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DIY Wood Photography Boards

DIY wooden photography boards are a great weekend project

I’m sure you’ve seen these all over the place. The first time I saw them, I wanted to jump in my car and buy all the materials to make it. Problem: I was still in my apartment and I had no space for them. I barely had space for my props as it was so there was no way I could have the space to make these or store them (even though they were flat, but still, I didn’t want to accumulate more).

I vowed to myself as soon as we moved to a house, this was one of the first projects I was going to tackle.

Of all the posts that I’ve seen, I decided to take the method of Lindsay & Gina’s. I loved Gina’s idea of using tongue and groove boards and I loved how Lindsay did the distressed look on the wood boards. What’s great about these is that everyone’s turns out different and everyone’s is unique in their own way.

So first, go to your local hardware store and pick up some tongue and groove planks. I followed Gina’s steps by getting a 8′ one and having them cut them into two 2 1/2′ sections and one 3′ section. I bought three 8′ planks so that gave me a total of three photography boards in the end. I put three 2 1/2′ sections together for two different boards and three 3′ sections together to give me one larger board.

I bought sandpaper to sand down the ends of where the planks were cut. There were some pretty nasty shards of wood that I didn’t want to risk getting splinters over. So just grab some sandpaper and sand the ends until they’re smooth. Grab some wood glue and in the groove, make a nice, thin line of glue and then insert the tongue into the groove and press hard together. If some ooze out, quickly wipe it away with a paper towel. Repeat with the second piece until you have three wood sections melded together and repeat on the other two boards. I let them dry overnight.

After they have dried overnight, you can begin the painting process. I went to my hardware store and picked out three sample paints. I knew I needed a base brown so I picked that up along with a plain white and a bright teal. Colors are so hard to choose! I have a feeling I’ll be making more. I want a purple and a grey one (haha, surprise surprise, my wedding colors).

As Lindsay describes in her tutorial, you’ll want to dilute the brown paint with water, about 50/50 (as you see in the picture above, although you can’t really tell there’s water in that container). Have loads of paper towels on standby as you begin the “staining” process. Dip your paintbrush in the diluted brown and brush it all the way down one plank, then immediately take a paper towel and wipe it off. It’ll give you the stained look. As you see in the above picture, the one on the left is prior to wiping off with a paper towel. Continue this process until your boards are done. Lay out to dry for 20-30 minutes. They dry fairly fast because it’s a very thin coat of paint.

Once your base layer has dried, dip the tip of your brush in the colored paint (not diluted) and VERY, every so lightly, brush your board with quick strokes up and down. This step was the step I had the most trouble with because I didn’t know what type of pressure to use when brushing the boards. Basically, you want to be a light as possible. I learned the hard way that it’s easier to add on than to take off. So start extremely light and keep adding if necessary. My teal board was a lot easier to paint as I knew the pressure and the strokes to take. You can dab a little paint at a time on certain parts of the board and then take your brush and quickly run it through with lots of strokes. I tried that but I think I dabbed too hard on some areas so some areas came out darker than the others. After some quick trial and error, my discovered my method was to dip the very tip of the brush in the colored paint, press it against a paper towel, then with fast brushing/stroking motion up and down, run the paint brush on the board. It gave you a light wispy paint coat & I just continued to add to it until I achieved the desired paint level. Experiment and find your method! To achieve the distressed look is to be light and wispy with the paint brush. You want the brown to show through. You don’t want to cover it heavily in the colored paint. You might as well just paint boards then :)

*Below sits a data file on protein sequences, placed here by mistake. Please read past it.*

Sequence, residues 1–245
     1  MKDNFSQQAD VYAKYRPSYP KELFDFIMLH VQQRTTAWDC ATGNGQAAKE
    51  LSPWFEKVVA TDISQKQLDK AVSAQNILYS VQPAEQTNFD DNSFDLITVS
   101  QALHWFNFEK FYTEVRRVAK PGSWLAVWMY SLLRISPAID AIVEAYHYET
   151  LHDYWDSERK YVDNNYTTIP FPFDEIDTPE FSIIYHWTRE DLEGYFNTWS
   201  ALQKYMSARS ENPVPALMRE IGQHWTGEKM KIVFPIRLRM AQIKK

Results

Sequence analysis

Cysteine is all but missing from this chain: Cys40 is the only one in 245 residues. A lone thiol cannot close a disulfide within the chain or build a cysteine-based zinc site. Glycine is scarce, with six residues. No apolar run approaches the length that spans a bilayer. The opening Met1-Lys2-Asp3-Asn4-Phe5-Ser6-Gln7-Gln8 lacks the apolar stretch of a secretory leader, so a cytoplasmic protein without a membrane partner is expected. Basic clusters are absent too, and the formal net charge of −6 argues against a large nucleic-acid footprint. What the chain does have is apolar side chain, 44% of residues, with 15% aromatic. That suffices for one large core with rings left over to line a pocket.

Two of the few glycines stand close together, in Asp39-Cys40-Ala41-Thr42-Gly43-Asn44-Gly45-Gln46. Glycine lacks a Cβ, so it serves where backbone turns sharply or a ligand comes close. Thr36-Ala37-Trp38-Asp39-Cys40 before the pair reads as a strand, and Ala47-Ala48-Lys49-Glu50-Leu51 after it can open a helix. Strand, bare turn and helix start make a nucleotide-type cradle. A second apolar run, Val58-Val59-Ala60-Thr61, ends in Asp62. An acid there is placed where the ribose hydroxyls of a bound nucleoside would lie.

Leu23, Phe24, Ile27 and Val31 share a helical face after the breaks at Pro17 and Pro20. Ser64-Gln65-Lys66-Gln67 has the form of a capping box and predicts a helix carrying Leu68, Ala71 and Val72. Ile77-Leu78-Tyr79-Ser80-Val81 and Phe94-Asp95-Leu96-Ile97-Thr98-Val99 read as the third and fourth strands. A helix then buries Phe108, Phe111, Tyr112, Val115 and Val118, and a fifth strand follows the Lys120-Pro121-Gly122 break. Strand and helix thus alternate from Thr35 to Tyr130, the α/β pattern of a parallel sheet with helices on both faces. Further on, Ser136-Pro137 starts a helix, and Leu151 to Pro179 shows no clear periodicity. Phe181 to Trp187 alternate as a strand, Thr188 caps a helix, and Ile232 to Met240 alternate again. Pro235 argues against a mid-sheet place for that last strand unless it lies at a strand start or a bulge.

I actually fell in love with the dark brown stained look so I decided to make that my third color. That was the easiest to do as all you had to do was paint on the diluted brown and wipe it off with a paper towel.

I hope this tutorial has helped you :) feel free to ask me any questions!


Wednesday 7th of January 2015

I think I'm going to do a grey board!!


Tuesday 25th of November 2014

Does the woodglue provide enough support? I bought materials today after looking at an other tutorial, and they left out the glue part. The boards seem kind of flimsy- did the glue hold it all into one piece well enough atleast for some good food styling? Thanks for sharing!


Wednesday 26th of November 2014

Yup, it provides support. Totally depends on what kind of wood you bought. Mine was pretty thick so it wasn't flimsy.


Monday 30th of June 2014

great and amazing tips..thanks for sharing !!


Thursday 21st of June 2012

I have been wanting to make some boards too! I think you just inspired me to tackle this project!!! I love the blue board, but I think the white is my favorite too. I have been using some extra pieces of bead board paneling for a backdrop:-)

Gerry @ Foodness Gracious

Friday 15th of June 2012

These look great and a fantastic idea! I really need to get some more props, the other day I took the door of my daughters play house so I could take my pictures using the back of it...yeah I know just another crazy thing we do as bloggers right? ;) Thanks.